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Tuesday, January 1, 2013

It's not easy limiting a "Best of" movie list to ten slots, especially when there have been at least 20 very good movies in 2012. Listing off the bad ones is an easier taskit blows off steam, too. That doesn't mean there weren't enough to choose from. Sure, "Beneath the Darkness," a would-be thriller with Dennis Quaid going cuckoo for Cocoa Puffs, was terrible, but nobody saw it. The Adam Sandler comedy "That's My Boy" was more lazy and mediocre than truly loathsome like "Jack and Jill," so it didn't quite make it. Same goes for "Tim and Eric's Billion Dollar Movie," which at least opened with a hilarious faux-infomercial with Jeff Goldblum. And yes, Katherine Heigl keeps hoping nobody will notice that she's made another stinker with "One for the Money." So, reliving each nightmarish turkey in my mind, here are the 10 absolute worst movies of 2012.



10. Silent Hill: Revelation - It takes a dreary, senseless sequel like "Silent Hill: Revelation" to put into perspective just how underappreciated the first "Silent Hill" was. The biggest scare? A Pop-Tart popping out of a toaster. A third trip to the videogame-inspired town isn't necessary at this point.



9. A Thousand Words - In what doesn't even sound feasible on paper, a very verbal comedian like Murphy, whose mouth is his best asset, is forced to keep his trap shut and mime for most of "A Thousand Words." That's as wise of a move had someone forced Ludwig van Beethoven to play masterful music with stumps for hands. Give this simplistic, hopelessly flat inanity the silent treatment.



8. Bel Ami - More like "Dull Liaisons." No one--not Robert Pattison, Uma Thurman, Christina Ricci, or Kristin Scott Thomas--can light this film's fire. It's neither lurid, interesting, or fun enough to make an impression as a trashy soap or literary adaptation. We'll never know what might have come of "Bel Ami" with a less vapid leading man and a juicier script.



7. A Little Bit of Heaven - "A Little Bit of Heaven" wouldn't sound like a bummer of a movie about colon cancer. That's because the title refers to Peter Dinklage as a dwarf prostitute (don't ask). Kate Hudson's character gets diagnosed with Movie Land cancer, which comes with a hunky doctor, Macy Gray on the soundtrack, a shopping day of splurging, and Whoopi Goldberg as God. No, really, Whoopi plays God. Incurable.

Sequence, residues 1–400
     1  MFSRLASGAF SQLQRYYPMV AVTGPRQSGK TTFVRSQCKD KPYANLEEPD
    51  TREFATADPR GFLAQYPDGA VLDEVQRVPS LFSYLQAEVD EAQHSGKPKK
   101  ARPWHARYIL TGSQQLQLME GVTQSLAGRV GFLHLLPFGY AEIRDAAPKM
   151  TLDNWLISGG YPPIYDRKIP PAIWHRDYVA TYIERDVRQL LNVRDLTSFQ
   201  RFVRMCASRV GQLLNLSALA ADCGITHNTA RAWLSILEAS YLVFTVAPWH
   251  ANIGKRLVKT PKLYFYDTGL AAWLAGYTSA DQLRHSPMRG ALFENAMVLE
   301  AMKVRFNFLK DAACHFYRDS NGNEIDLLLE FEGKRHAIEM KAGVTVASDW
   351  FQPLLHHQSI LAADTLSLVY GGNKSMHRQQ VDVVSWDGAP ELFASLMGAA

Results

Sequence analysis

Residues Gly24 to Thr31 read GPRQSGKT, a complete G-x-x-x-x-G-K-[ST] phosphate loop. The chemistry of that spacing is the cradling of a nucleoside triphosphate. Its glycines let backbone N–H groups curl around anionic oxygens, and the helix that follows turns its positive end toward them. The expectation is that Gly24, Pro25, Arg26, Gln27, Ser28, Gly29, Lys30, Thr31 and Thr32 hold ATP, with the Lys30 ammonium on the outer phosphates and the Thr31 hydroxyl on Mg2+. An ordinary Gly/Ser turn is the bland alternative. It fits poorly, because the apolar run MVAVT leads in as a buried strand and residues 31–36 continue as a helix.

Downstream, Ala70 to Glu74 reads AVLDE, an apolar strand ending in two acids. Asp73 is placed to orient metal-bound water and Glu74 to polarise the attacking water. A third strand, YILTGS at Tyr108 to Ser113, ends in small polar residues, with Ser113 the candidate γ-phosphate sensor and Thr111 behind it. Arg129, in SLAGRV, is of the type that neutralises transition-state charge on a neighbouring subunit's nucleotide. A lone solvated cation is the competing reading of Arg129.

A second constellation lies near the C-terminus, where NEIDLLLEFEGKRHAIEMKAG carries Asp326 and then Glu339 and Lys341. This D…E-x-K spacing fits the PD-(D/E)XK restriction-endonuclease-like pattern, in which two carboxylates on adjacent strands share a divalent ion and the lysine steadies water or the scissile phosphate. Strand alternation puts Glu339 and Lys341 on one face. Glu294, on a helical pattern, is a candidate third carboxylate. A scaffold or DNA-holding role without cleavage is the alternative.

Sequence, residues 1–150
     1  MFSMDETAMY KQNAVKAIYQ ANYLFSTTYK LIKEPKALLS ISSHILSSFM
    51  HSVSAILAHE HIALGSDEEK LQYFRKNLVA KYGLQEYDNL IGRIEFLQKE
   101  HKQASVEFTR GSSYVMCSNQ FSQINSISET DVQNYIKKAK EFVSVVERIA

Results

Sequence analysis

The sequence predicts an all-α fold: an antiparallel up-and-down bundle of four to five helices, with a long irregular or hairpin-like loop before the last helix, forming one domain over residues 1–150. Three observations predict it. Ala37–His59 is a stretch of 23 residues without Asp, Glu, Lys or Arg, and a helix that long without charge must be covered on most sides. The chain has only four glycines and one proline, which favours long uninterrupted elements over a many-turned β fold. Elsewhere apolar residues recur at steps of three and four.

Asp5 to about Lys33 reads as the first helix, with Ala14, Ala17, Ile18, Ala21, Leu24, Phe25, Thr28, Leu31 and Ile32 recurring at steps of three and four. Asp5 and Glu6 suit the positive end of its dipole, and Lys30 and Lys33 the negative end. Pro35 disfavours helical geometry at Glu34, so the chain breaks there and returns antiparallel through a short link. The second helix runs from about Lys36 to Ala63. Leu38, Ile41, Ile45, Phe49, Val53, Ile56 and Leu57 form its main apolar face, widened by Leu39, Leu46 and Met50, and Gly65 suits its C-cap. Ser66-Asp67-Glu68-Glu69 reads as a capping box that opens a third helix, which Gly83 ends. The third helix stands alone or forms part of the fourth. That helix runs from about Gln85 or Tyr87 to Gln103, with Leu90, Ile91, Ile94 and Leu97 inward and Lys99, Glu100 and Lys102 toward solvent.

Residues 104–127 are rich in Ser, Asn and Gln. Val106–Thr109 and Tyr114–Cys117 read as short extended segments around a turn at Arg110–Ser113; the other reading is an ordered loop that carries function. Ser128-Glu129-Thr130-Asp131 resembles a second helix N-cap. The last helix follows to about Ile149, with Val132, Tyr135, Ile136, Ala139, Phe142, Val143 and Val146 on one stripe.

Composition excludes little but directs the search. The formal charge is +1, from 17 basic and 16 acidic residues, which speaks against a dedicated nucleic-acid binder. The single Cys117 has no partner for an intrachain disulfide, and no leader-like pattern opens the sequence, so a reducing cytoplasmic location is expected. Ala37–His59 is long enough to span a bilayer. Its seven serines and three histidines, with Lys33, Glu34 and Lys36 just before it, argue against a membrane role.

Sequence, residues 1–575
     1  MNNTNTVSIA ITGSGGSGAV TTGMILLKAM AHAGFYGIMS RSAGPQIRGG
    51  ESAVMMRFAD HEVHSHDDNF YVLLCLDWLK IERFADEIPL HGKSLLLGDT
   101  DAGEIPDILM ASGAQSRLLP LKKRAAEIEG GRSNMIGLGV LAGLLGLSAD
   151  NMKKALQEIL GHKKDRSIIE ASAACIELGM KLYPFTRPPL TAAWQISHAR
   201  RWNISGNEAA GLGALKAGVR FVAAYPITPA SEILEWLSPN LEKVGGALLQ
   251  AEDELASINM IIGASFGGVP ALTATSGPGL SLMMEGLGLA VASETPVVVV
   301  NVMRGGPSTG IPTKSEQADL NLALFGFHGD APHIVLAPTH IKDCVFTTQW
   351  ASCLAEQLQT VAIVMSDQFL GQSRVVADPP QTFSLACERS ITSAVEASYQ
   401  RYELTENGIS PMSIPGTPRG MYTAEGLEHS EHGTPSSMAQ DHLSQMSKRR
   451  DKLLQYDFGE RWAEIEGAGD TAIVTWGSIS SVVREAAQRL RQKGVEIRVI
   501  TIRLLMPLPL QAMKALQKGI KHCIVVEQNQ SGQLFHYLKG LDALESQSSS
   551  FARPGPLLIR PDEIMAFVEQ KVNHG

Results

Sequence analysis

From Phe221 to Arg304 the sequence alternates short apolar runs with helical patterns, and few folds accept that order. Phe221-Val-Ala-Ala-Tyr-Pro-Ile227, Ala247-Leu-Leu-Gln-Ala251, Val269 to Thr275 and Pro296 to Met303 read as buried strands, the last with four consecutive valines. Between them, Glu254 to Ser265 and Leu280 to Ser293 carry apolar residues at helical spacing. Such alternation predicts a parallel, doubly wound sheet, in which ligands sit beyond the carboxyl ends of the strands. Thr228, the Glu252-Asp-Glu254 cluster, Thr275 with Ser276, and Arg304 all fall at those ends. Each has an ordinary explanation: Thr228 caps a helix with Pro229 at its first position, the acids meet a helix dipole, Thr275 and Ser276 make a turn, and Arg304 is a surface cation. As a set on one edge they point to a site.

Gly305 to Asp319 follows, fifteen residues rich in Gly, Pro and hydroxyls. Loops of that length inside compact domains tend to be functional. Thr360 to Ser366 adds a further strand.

6. Jack and Diane - Make Edward Cullen a lipstick lesbian with werewolf tendencies and change Bella Swan into an androgynous, hipster lesbian, and you'll get an idea of what "Jack and Diane" is about. This romantic drama with allegorical and horror-movie trappings thinks it has more on its mind than it really does. Juno Temple and Elvis Presley's granddaughter deserve better.



5. The Apparition - No one should be surprised if "The Apparition" turns out to have been released by chimps. It's a useless, chill-free, oh-so-dull "spooker" that's also a wimpy, dumbed-down exercise in how not to get the skin crawling. There was potential for a "Paranormal Activity" piggybacker, but the scares never quite get there.



4. Alex Cross - It should've been Tyler Perry's time to prove himself and convince us that he could be a leading man or even an action star. After "Alex Cross," it's not happening. This boring, worthless prequel to James Patterson's Alex Cross character is so inept that it can't be taken seriously but isn't even bad enough to have fun with. Still, it varies from standard-issue TV movie to incompetent hack work, so that's bad enough.



3. Cosmopolis - What gives, David Cronenberg? Last year it was "A Dangerous Method"an underwhelming choreand now it's "Cosmopolis," which is a stultifyingly tedious endurance test. It'd be fun to criticize Robert Pattison's performance here, but he does the best any actor could with this empty, one-note material. Far too pretentious for its own good.



2. The Wicker Tree - The 1973 cult film "The Wicker Man" definitely didn't need a belated follow-up, especially one as amateurish and curious as "The Wicker Tree." Not darkly amusing, not disturbing, not shocking, and not good at all. Nicolas Cage prancing around in a bear costume and cold-cocking women in the laughable 2006 remake of "The Wicker Man" was at least fun.



1. Nature Calls - You probably never heard of it and based on its placement, there's a reason for that. "Nature Calls" is calling to be pissed on: it's lazy, flat, condescending, baffling, mean-spirited, obnoxious, and unfunny. Patton Oswalt and Johnny Knoxville are talented but completely wasted in terrible material. Going for a hike and falling onto a hill of fire ants would be a much more pleasurable experiencing than sitting through this carcass.

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